To combat this, DeutJ uses the triangle algorithm, which thresholds by determining the line of maximal length perpendicular to the connection between the maximum and minimum points of the intensity histogram. This works well with the conjunction of linear normalization adjustments described previously (Figure 6).





DeutJ works on desktop computers running either OS or Windows operating systems. Computers must have Java 8 or later installed and requires no internet connection. The software is open source under Apache 2.0 license. To use, run the file from an IDE, and select the folder that contains the desired microscopy images. All images of interest must be in a single folder. Click “open folder”, and the program will automatically create a folder inside the previously selected folder with file names that end with “_mask #X”, where X corresponds to the nth mask generated.


This paper aims to present the results of DeutJ, a software tool for segmenting and masking images from various types of fluorescent microscopy. Most notably confocal, DeutJ also works with widefield types. The software is designed to accurately identify and segment specific objects within an image, and then apply a mask to those objects in order to obscure or remove them given differing background intensity values. Our lab uses GFP, but any molecule-of-interest that emits fluorescent radiation will suffice. Within our laboratory, DeutJ performs with a higher degree of precision and accuracy compared to ImageJ’s native plugins. However, further research is needed in order to fully evaluate its performance in other areas of image segmentation. Furthermore, requiring ImageJ installed on the user’s computer when running the application is a limitation. Therefore, in future work we hope to turn DeutJ into a standalone program in order to increase portability and access. Though ImageJ-accompanying macros and plugins have been well documented, few have attempted to build upon the software’s existing segmentation tools (Guzmán et al., 2014; Pool et al., 2008; Poulet et al., 2014; Roels et al., 2020; Valente et al., 2017; Whitehead et al., 2019; Handala et al., 2019).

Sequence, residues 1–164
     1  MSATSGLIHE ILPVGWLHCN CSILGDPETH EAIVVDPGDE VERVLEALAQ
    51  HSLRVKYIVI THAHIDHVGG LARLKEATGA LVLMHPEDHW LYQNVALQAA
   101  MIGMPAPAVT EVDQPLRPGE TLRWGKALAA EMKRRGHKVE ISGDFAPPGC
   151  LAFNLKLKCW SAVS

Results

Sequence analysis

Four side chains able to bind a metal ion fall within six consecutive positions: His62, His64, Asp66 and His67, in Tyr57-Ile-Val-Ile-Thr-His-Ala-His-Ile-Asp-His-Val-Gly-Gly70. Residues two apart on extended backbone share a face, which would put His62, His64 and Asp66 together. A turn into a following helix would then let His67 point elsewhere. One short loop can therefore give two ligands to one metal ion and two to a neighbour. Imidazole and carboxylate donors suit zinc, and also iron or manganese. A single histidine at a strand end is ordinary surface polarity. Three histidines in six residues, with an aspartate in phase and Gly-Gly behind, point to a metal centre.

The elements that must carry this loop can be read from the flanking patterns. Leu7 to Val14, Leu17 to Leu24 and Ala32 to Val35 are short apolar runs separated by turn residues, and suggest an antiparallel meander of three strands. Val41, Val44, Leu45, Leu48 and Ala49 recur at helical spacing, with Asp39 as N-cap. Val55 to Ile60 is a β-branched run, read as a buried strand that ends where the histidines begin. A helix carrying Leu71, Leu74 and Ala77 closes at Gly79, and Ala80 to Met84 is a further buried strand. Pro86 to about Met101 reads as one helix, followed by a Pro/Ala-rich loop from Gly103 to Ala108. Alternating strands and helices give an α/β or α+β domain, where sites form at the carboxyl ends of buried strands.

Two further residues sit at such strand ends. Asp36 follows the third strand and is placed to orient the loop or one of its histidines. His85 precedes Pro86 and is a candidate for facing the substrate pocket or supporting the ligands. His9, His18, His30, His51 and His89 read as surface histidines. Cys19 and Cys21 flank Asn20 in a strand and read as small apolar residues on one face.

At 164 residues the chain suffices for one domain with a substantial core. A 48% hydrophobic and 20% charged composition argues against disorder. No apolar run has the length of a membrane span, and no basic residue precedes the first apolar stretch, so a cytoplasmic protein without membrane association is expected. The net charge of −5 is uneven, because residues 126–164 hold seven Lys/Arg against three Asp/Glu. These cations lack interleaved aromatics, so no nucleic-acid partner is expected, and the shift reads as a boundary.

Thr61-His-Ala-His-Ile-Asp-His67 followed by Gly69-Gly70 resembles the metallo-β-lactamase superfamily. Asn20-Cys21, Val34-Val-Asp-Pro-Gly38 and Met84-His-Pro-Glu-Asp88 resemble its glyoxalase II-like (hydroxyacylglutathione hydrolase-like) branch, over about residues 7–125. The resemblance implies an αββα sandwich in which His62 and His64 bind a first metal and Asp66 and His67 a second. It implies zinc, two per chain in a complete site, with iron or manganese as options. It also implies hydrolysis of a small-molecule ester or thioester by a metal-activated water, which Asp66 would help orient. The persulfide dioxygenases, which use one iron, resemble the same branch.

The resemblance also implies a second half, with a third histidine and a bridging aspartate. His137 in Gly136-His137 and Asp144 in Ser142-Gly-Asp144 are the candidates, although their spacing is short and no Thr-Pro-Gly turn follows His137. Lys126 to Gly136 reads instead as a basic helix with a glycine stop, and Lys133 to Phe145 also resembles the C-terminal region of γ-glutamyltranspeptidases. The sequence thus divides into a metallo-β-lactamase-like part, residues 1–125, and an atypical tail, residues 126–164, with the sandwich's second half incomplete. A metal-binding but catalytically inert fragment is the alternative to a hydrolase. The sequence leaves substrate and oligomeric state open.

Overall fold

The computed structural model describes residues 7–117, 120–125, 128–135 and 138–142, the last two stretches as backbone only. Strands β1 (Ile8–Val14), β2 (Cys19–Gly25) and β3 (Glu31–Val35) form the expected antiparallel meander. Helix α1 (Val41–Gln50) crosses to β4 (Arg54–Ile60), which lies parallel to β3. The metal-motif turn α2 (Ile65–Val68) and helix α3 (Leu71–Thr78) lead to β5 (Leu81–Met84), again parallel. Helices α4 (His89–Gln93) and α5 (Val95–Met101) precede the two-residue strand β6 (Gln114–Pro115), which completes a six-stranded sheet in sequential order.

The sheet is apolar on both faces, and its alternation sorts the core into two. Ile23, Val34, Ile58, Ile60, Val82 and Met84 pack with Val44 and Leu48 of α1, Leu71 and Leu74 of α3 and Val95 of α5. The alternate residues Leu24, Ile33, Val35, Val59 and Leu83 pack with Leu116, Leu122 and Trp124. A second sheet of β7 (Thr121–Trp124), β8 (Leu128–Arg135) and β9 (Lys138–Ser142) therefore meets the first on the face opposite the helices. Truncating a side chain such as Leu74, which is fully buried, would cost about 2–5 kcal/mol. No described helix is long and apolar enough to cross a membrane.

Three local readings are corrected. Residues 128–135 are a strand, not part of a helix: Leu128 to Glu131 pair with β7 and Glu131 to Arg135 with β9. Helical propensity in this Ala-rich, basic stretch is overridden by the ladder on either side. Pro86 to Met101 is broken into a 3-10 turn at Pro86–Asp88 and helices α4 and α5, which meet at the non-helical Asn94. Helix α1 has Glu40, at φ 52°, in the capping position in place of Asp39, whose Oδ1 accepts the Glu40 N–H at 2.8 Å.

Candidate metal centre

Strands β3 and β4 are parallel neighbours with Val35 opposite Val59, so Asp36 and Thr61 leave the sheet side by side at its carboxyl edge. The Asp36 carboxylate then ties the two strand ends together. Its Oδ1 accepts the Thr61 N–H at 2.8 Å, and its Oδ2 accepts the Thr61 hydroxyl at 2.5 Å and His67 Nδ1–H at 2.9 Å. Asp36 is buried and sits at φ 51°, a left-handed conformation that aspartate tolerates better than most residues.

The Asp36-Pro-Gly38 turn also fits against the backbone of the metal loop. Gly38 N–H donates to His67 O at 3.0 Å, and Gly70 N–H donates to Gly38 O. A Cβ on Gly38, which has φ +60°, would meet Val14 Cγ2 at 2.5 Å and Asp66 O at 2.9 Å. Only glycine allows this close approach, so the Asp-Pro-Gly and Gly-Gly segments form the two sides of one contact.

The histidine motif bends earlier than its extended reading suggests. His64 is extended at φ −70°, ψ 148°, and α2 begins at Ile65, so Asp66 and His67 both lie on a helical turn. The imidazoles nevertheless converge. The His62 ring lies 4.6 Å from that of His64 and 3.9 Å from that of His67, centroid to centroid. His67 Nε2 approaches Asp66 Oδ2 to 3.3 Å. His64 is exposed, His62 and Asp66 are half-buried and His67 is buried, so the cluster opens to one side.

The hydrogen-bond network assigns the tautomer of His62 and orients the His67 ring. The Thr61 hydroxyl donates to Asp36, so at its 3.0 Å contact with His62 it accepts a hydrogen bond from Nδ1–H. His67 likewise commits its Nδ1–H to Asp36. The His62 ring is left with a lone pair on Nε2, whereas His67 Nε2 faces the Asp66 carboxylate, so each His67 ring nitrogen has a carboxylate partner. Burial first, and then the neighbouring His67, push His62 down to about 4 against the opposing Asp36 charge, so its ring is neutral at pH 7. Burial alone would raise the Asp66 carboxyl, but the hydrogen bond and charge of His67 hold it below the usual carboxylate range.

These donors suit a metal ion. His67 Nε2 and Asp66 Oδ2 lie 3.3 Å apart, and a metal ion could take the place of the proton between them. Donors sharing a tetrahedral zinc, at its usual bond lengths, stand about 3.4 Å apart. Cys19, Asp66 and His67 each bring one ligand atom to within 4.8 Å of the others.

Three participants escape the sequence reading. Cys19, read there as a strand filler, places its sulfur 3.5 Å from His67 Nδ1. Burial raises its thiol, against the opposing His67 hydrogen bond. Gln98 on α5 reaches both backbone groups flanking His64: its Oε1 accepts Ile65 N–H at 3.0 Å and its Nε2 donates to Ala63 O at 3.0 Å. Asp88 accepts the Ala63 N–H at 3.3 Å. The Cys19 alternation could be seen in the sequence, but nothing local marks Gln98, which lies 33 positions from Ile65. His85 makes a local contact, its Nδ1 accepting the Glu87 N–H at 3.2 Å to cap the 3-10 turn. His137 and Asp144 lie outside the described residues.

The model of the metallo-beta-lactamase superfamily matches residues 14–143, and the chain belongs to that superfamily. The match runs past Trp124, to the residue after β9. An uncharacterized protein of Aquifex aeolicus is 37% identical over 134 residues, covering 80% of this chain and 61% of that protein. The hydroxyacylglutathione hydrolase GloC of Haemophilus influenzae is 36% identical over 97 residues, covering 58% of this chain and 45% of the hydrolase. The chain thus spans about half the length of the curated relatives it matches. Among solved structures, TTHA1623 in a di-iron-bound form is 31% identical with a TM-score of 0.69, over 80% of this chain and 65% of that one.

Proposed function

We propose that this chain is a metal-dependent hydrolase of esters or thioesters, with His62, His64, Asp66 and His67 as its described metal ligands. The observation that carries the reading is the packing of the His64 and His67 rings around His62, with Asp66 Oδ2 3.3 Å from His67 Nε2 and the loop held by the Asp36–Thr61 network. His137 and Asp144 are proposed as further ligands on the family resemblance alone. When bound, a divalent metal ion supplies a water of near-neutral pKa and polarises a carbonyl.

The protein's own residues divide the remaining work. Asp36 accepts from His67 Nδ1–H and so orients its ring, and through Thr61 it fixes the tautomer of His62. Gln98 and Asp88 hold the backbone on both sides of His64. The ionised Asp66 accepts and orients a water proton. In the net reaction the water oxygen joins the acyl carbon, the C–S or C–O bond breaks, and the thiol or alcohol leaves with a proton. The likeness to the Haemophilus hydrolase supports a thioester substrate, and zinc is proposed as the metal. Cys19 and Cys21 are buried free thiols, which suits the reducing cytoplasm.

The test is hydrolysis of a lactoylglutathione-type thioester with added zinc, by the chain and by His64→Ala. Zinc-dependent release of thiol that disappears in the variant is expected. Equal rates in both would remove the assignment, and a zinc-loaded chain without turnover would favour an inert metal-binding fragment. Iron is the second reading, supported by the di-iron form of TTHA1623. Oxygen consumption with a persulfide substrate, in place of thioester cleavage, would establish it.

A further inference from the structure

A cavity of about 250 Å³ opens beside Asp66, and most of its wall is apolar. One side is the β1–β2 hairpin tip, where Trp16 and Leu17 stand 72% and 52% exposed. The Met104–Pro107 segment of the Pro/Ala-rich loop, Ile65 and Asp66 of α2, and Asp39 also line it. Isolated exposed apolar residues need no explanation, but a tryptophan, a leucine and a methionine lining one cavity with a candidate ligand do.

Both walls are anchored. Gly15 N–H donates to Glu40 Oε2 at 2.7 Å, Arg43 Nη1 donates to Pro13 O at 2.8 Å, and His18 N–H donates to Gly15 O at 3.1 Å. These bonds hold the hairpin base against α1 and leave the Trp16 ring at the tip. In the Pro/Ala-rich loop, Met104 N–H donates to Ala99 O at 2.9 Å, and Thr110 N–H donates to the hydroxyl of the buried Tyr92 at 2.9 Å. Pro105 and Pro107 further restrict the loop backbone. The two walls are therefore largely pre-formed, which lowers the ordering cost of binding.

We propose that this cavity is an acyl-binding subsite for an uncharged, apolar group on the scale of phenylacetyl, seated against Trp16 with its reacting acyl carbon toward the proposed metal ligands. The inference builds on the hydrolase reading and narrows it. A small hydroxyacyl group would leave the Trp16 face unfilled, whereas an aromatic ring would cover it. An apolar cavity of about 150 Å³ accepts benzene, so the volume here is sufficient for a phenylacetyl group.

DeutJ is a robust, easy-to-use, free tool that automates the segmentation of confocal microscopy images under poor light conditions. It works particularly well to create masks from images that suffer from uneven light shading and significant speckle. In our laboratory it is used to segment kidney samples that have been shaded with GFP. Furthermore, the software may serve many researchers in applications related to counting labeled cells or even for test segmentation software in photos. Future work may build off of DeutJ’s open source to develop imaging software for non-confocal segmentation.


The author has not declared any conflict of interests.